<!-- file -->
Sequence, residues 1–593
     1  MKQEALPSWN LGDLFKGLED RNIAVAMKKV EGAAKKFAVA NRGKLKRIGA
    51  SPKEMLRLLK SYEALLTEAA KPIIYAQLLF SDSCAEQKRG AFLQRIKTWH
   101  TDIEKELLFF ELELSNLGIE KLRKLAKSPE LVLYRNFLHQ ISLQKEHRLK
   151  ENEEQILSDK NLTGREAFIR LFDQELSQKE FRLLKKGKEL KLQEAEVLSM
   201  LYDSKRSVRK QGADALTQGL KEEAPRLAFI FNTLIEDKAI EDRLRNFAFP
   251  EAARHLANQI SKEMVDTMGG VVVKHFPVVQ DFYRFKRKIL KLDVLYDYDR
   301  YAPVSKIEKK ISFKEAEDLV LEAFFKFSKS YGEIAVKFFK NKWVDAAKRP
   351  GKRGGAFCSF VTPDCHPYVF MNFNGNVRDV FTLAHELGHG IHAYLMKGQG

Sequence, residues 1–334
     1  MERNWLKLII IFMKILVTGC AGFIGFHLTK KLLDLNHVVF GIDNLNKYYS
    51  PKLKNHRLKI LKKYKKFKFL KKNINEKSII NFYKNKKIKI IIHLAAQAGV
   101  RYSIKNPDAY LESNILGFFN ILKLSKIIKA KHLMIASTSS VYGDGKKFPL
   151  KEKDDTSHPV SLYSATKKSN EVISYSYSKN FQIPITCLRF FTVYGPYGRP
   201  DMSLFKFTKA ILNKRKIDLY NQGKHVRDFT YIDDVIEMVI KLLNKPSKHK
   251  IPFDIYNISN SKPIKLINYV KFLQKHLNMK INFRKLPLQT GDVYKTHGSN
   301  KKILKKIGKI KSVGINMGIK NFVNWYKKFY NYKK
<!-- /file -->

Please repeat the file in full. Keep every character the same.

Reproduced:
Sequence, residues 1–593
     1  MKQEALPSWN LGDLFKGLED RNIAVAMKKV EGAAKKFAVA NRGKLKRIGA
    51  SPKEMLRLLK SYEALLTEAA KPIIYAQLLF SDSCAEQKRG AFLQRIKTWH
   101  TDIEKELLFF ELELSNLGIE KLRKLAKSPE LVLYRNFLHQ ISLQKEHRLK
   151  ENEEQILSDK NLTGREAFIR LFDQELSQKE FRLLKKGKEL KLQEAEVLSM
   201  LYDSKRSVRK QGADALTQGL KEEAPRLAFI FNTLIEDKAI EDRLRNFAFP
   251  EAARHLANQI SKEMVDTMGG VVVKHFPVVQ DFYRFKRKIL KLDVLYDYDR
   301  YAPVSKIEKK ISFKEAEDLV LEAFFKFSKS YGEIAVKFFK NKWVDAAKRP
   351  GKRGGAFCSF VTPDCHPYVF MNFNGNVRDV FTLAHELGHG IHAYLMKGQG

Sequence, residues 1–334
     1  MERNWLKLII IFMKILVTGC AGFIGFHLTK KLLDLNHVVF GIDNLNKYYS
    51  PKLKNHRLKI LKKYKKFKFL KKNINEKSII NFYKNKKIKI IIHLAAQAGV
   101  RYSIKNPDAY LESNILGFFN ILKLSKIIKA KHLMIASTSS VYGDGKKFPL
   151  KEKDDTSHPV SLYSATKKSN EVISYSYSKN FQIPITCLRF FTVYGPYGRP
   201  DMSLFKFTKA ILNKRKIDLY NQGKHVRDFT YIDDVIEMVI KLLNKPSKHK
   251  IPFDIYNISN SKPIKLINYV KFLQKHLNMK INFRKLPLQT GDVYKTHGSN
   301  KKILKKIGKI KSVGINMGIK NFVNWYKKFY NYKK